It only remains to prove that M maps the closed unit ball of Γr ,L into itself.For this, note that if ‖w>‖Γr ,L ≤ 1 thenM(w>) =M(0)+ [M(w>)−M(0)] = [N (w≤)−w≤]+ [M(w>)−M(0)].
By Lemma 4.1, we know that N (w≤) − w≤ has derivatives at 0 up to orderL equal to zero, and that ‖N (w≤) − w≤‖Γr−1,L is small after scaling. On theother hand, in the previous proof of the contraction property we have seen thatM(w>)−M(0) has derivatives at 0 up to order L equal to zero, and that
‖M(w>)−M(0)‖Γr−1,L ≤ ν‖w>‖Γr−1,L ≤ ν.

The Parameterization Method for Invariant Manifolds I 317
Adding these two bounds, we have ‖M(w>)‖Γr−1,L ≤ ε+ν. Finally, when r ∈ N,(4.12) leads to
‖DrM(w>)‖C0 ≤ ‖Drw≤‖C0 + ‖DrN (w)‖C0≤ ε + [‖A−12 ‖(‖A1‖ + ε)L+1 + ε]‖Drw‖C0≤ ε + ν(‖Drw≤‖C0 + ‖w>‖Γr ,L)≤ ε + ν(ε + 1).
Taking ε small enough, we conclude that
M(w>) ∈ Γr ,L and ‖M(w>)‖Γr ,L ≤ 1. ❐
When r = ω, the previous proposition establishes statement (a) of Theorem1.2. The proposition also leads to the result for r = ∞, using the argumentpresented for Theorem 1.1 at the end of Section 3.4. Finally, next section recoversthe last derivative when r ∈ N.
4.3. Sharp regularity. To establish the optimal Cr regularity we will use amethod very similar to the one of Section 3.5 for Theorem 1.1. In this section wealways have r ∈ N.
Proposition 4.4. The solution w> produced in Proposition 4.3 (under perhapsstronger smallness conditions on ‖B‖ and ‖N‖Cr ) is Cr .
As in Section 3.5, to establish this result we differentiate the equation w> =M(w>) to find a fixed point equation for the unknown H> := Dw> : B1 ⊂X1 → L(X1, X2), in which we consider w> ∈ Cr−1 (the solution of Proposition4.3) as a given function (and not as an unknown) whenever it appears in theequation forH> without being differentiated. This “freezing” technique will makethe fixed point equation forH> simpler than the equation of the preceding sectionfor w>. Indeed, here we will obtain a bilinear equation for H>.
Differentiating the equation w =N (w) satisfied by the solution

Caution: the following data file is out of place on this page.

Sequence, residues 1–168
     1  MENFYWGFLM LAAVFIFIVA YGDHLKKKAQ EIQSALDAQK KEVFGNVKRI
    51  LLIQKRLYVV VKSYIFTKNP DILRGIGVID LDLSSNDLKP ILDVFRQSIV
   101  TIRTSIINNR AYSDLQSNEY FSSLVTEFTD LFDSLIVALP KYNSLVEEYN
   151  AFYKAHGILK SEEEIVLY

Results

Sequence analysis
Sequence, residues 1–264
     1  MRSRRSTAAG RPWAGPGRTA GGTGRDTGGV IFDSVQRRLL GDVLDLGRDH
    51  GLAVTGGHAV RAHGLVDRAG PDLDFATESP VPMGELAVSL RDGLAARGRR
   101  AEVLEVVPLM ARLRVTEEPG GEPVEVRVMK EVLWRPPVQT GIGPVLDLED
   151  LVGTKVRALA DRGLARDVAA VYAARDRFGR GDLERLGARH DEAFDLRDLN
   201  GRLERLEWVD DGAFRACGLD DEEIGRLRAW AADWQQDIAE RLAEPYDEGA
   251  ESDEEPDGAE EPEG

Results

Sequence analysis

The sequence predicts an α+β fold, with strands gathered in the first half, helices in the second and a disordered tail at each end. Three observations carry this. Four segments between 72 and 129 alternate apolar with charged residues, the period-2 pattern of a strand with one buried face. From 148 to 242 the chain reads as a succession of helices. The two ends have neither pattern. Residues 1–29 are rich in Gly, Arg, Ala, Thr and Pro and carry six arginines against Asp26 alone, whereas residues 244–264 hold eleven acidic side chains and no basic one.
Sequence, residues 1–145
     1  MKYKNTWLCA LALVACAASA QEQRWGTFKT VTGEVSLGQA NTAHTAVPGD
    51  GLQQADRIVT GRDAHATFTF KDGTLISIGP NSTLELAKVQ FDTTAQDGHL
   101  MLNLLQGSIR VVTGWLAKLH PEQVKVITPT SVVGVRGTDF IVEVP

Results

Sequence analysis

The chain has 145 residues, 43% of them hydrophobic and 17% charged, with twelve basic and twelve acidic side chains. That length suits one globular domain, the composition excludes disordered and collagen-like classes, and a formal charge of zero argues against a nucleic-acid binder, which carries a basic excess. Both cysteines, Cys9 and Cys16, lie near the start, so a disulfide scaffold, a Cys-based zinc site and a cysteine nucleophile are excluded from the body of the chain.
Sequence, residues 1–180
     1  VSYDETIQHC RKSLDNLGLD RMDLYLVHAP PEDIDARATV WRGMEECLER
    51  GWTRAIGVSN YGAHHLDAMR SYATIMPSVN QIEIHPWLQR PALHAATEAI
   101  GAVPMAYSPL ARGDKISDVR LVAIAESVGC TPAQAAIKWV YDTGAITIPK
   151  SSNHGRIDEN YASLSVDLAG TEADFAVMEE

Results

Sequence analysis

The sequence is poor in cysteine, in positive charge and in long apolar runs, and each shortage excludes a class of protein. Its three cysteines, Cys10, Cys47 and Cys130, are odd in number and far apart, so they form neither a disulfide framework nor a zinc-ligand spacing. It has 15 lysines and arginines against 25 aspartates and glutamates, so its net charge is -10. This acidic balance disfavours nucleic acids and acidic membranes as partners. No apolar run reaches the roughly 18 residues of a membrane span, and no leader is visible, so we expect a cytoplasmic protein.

w = w≤ +w> ∈ Cr−1
of Proposition 4.3 and using (4.11), we obtain
Dw = A−12 {(Dw ◦ψw)Dψw −D1N2 ◦ (Id,w)− [D2N2 ◦ (Id,w)]Dw},
where
(4.15) ψw(x) = A1x +N1(x,w(x))+ Bw(x)

318 XAVIER CABRÉ, ERNEST FONTICH & RAFAEL DE LA LLAVE
and
Dψw(x) = A1 +D1N1(x,w(x))+ [D2N1(x,w(x))+ B]Dw(x).
Therefore, H0 := Dw is a solution of H = Ñ (H), where we define, with ψwgiven by (4.15),
(4.16) Ñ (H)(x)= A−12
{H(ψw(x))[A1 +D1N1(x,w(x))+ (D2N1(x,w(x))+ B)H(x)]
− D1N2(x,w(x))−D2N2(x,w(x))H(x)}.
We emphasize that here w, and hence ψw , are fixed (hence independent of H)and given by the solution w = w≤ +w> of Proposition 4.3.
Let us consider H≤ = Dw≤ fixed, and write H = H≤ +H>. We need to solvethe fixed point equation H> = M̃(H>), where
(4.17) M̃(H>) = −H≤ + Ñ (H≤ +H>).
We take H> : B1 ⊂ X1 → L(X1, X2) = Y in the space Γs, L−1 defined in Section3.3, with either s = r − 2 or s = r − 1. We know that H>0 := Dw> ∈ Γr−2, L−1 isa solution of H> = M̃(H>). It is easy to check that ‖H>0 ‖Γr−2, L−1 ≤ 1, since weknow that ‖w>‖Γr−1,L ≤ 1. Proposition 4.4 will follow easily combining this factand the following result.
Lemma 4.5. Under appropriate smallness conditions on ‖B‖ and ‖N‖Cr , ifr − 2 ≤ s ≤ r − 1, then M̃ maps the closed unit ball B̄s1 of Γs, L−1 into itself, and it isa contraction in B̄s1 with the Γs, L−1 norm.
Applying this lemma with s = r −1 we obtain a solution H>1 ∈ Γr−1, L−1 suchthat ‖H>1 ‖Γr−1,L−1 ≤ 1. In particular, ‖H>1 ‖Γr−2, L−1 ≤ 1 and therefore, by thecontraction property of the lemma with s = r − 2, both solutions H>0 and H>1 inthe closed unit ball of Γr−2, L−1 must agree. Hence Dw> = H>0 = H>1 ∈ Cr−1,and we conclude that w> ∈ Cr .
Proof of Lemma 4.5. First, note that Ñ and M̃ map functions of class Csinto functions of class Cs whenever s ≤ r − 1.

The Parameterization Method for Invariant Manifolds I 319
We start showing the contraction property. For H> and H> +∆ in the closedunit ball of Γs, L−1, we have
[M̃(H> +∆)− M̃(H>)](x)(4.18)= [Ñ (H +∆)− Ñ (H)](x) = ∫ 1